MCAT Scores: How the scoring system works in 2013
- Dec 10, 2012
- MCAT Blog, MCAT Long Form
If you are planning on taking the MCAT in 2013 or 2014, you might have heard that the scoring scale will be a little different this year. Read on to find all the information.
2013 MCAT Score changes
If you have friends who have studied for past MCATs, you probably know their scores were reported as a number with a letter. This year, the numbered scoring system stays exactly the same, but the letter goes away.
For each of the three multiple choice sections (physical sciences, biological sciences, and verbal) you will be assigned a grade between 1 and 15. The average scores are between 9 and 9.8 on each section. Then your 3 scores are added up.
The letter grade used to be a human-scored writing sample. The writing sample has been eliminated. In its place, at the end of the test, is now an “optional” trial section at the end of the exam. The purpose of this section is for AAMC to test questions that will go into a new section in 2015.
Your score on the trial section is not counted and will not be seen by medical college admissions committees. However, you do get a $30 Amazon card from AAMC if you “put in a good faith effort” and you get to see how your scores compare to other applicants. All this is a way of saying that you should try your best while you are working through the trial section, but you do not need to prepare for it in any way.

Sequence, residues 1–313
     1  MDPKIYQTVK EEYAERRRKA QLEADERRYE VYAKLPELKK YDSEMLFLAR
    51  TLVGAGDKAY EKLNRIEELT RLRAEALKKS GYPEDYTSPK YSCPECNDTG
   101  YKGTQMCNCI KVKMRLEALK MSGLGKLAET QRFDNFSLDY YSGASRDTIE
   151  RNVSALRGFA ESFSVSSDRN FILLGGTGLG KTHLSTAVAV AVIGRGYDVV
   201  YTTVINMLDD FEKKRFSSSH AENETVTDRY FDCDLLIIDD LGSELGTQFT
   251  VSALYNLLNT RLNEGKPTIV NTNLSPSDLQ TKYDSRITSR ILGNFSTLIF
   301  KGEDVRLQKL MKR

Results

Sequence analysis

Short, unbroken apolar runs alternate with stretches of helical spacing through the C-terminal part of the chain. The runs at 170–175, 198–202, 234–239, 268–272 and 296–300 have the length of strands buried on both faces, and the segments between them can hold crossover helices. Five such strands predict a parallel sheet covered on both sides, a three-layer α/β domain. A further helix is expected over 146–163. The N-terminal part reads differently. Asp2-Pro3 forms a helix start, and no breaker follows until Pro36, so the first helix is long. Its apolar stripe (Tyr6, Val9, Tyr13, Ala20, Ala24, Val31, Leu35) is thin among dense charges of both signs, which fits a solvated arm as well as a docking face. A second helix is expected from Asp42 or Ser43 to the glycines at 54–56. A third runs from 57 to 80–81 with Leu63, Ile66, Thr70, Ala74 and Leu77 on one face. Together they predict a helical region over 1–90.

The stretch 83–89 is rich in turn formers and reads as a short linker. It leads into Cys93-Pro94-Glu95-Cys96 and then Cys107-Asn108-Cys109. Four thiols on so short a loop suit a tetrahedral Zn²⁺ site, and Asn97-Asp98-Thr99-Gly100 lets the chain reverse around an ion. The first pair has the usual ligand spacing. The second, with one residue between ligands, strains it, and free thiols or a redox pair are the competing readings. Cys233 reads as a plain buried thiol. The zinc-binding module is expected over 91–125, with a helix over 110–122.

2015 MCAT Changes
In 2015, as you might have heard, the MCAT will be changing again. The 2013 changes are really just a way of phasing in the bigger changes in 2015. In 2015 the MCAT will have 4 scored sections:
- Physical sciences
- Biological sciences
- Critical analysis and reasoning — an updated version of today’s verbal section
- Psychological, Social, and Biological Foundations of Behavior — a completely new section
You will receive 4 scores for each of the 4 sections. AAMC as of this writing has not released the new scoring scale. It will likely be a similar scale (1-15 for each section), though that would create confusion since a very good score on the current MCAT, like 35, could easily be confused for a mediocre score if the test is scored out of 60 instead of out of 45.
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